enverpex enverpex - 1 year ago 173
C# Question

What makes this HTTPS WebRequest time out even though it works in the browser?

Here's my request:

var request = (HttpWebRequest) WebRequest.Create("https://mtgox.com/");
request.CookieContainer = new CookieContainer();
request.AllowAutoRedirect = false;
request.Accept = "text/html,application/xhtml+xml,application/xml;q=0.9,*/*;q=0.8";
request.Headers[HttpRequestHeader.AcceptEncoding] = "gzip, deflate";
request.Headers[HttpRequestHeader.AcceptLanguage] = "en-gb,en;q=0.5";
request.Headers[HttpRequestHeader.AcceptCharset] = "ISO-8859-1,utf-8;q=0.7,*;q=0.7";
request.Timeout = 5000;
request.UserAgent = "Mozilla/5.0 (Windows NT 6.1; WOW64; rv:2.0) Gecko/20100101 Firefox/4.0";
request.Method = "GET";


The headers were copied from Firefox using HttpFox. I used Fiddler2 to verify that at least for HTTP requests, the headers are completely identical between Firefox requests and my requests.

However, when performing a request to this specific website using HTTPS, the request simply times out. It works for other websites.

I must be performing it differently to Firefox, because it always works in Firefox. I can't debug it using Fiddler2, however, because whenever Fiddler2 forwards these requests they also time out, even when originated by Firefox.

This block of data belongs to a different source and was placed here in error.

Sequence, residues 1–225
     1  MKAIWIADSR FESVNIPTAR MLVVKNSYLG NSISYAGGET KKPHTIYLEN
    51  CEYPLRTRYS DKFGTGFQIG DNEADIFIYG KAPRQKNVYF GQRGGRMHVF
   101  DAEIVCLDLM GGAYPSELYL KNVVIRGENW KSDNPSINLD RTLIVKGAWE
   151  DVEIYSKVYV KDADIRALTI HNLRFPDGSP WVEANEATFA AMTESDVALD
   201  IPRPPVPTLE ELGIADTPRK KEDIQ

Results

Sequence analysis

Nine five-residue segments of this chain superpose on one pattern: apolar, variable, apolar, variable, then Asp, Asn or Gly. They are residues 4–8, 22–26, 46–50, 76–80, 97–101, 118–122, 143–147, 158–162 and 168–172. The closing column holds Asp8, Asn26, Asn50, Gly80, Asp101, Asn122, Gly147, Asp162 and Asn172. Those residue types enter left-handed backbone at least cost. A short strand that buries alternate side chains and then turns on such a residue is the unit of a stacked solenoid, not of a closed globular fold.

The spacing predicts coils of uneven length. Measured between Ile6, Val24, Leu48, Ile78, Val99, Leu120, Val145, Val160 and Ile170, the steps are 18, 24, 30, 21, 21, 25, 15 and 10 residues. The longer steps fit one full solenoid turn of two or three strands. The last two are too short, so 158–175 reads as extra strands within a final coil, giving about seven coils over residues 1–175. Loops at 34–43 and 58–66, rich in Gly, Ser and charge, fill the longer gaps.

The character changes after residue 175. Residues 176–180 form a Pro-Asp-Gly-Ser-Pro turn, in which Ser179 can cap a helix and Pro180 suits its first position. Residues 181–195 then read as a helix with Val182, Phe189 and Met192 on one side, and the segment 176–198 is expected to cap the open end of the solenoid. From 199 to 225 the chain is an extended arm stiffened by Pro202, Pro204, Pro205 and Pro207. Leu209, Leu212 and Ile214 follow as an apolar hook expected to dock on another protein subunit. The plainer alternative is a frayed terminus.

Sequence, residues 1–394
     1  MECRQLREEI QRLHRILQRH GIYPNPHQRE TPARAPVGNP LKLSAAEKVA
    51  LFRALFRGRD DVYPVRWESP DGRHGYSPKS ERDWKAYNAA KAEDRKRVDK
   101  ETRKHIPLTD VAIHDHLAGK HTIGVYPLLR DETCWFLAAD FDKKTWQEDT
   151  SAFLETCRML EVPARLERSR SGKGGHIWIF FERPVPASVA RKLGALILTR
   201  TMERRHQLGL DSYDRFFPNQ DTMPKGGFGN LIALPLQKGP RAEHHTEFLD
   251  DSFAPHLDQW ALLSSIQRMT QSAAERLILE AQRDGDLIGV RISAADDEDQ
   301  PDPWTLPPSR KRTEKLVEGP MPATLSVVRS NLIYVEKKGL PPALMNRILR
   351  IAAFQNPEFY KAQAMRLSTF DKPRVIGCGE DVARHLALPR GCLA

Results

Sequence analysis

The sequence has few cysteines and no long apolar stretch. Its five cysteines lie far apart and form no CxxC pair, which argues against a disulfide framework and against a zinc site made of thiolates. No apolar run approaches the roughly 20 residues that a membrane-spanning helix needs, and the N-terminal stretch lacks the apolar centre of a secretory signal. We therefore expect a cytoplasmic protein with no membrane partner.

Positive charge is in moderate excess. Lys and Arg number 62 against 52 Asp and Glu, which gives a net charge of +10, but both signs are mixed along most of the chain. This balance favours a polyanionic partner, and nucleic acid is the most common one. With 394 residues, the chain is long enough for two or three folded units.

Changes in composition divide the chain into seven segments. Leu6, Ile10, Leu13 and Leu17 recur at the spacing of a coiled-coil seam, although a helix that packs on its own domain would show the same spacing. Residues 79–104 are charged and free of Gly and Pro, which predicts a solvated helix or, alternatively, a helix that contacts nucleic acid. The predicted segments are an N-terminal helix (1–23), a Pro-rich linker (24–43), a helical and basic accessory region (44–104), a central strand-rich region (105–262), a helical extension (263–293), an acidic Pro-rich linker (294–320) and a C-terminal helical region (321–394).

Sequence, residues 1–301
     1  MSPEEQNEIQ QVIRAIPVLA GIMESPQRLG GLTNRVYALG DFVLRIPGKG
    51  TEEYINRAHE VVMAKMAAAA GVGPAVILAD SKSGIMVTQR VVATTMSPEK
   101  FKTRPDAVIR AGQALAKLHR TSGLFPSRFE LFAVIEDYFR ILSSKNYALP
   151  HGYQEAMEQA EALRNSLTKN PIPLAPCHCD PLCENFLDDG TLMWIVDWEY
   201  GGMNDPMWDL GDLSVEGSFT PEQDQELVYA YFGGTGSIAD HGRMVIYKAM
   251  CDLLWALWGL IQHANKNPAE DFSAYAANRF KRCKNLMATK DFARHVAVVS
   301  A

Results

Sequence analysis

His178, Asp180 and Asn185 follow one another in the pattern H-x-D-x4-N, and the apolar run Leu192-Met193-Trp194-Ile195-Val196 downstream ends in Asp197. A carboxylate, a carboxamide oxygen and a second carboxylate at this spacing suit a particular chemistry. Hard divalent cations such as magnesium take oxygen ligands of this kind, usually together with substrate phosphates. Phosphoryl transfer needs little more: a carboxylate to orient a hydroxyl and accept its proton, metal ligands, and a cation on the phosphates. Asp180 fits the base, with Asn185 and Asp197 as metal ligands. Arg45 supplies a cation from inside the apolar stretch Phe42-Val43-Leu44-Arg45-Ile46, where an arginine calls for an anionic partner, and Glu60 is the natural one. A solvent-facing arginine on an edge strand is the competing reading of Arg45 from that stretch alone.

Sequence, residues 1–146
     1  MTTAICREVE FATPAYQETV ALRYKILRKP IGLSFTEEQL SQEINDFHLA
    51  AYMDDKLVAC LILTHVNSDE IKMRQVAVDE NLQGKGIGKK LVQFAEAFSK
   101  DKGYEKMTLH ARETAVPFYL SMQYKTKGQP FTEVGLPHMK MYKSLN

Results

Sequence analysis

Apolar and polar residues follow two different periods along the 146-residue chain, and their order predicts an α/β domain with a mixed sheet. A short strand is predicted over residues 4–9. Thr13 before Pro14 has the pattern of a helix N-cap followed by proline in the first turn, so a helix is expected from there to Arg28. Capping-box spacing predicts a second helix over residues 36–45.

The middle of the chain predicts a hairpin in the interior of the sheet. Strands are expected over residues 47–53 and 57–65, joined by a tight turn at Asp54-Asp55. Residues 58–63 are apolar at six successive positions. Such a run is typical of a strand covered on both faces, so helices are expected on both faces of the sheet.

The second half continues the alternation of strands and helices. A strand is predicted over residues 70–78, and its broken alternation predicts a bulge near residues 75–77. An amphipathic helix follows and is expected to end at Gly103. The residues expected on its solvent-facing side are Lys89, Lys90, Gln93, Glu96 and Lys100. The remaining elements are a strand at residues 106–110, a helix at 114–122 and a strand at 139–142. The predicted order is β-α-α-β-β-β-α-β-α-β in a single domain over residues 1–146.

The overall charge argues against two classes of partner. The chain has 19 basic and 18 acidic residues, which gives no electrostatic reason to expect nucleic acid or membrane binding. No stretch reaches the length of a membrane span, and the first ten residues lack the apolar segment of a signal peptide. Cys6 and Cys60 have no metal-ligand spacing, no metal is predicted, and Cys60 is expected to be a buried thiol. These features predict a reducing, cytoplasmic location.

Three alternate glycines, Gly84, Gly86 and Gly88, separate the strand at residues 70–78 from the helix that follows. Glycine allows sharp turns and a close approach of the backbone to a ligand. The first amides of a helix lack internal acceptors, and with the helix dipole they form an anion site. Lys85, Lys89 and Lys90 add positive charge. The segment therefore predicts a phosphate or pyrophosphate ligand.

Is it just a really buggy website? Which part of the above gives me away as not being Firefox?

Answer Source

Using Microsoft Network Monitor, I found that HttpWebRequest would get stuck at a stage where it's supposed to send back a client key exchange. It simply didn't. The server duly waited for it, but it never came.

What fixed it was forcing HttpWebRequest to use SSL3 instead of TLS (even though TLS is supposed to automatically turn into SSL3 if necessary):

ServicePointManager.SecurityProtocol = SecurityProtocolType.Ssl3;

Why this is so I guess I'll never know - just one of those mysterious things that would take more time to figure out than anyone I know is willing to spend...

One thing that was different about the captures: the TLS variant had an "Alert" entry in the Server Hello response, which is absent from the SSL3 exchange and also from all the TLS exchanges that actually worked. Curiously, though, the same alert is present in a capture of Firefox performing the request successfully.

Finally, it appears that there was a temporary OCSP glitch just when I was first posting this question, which has since been resolved. This added to the mess, but isn't the core problem.

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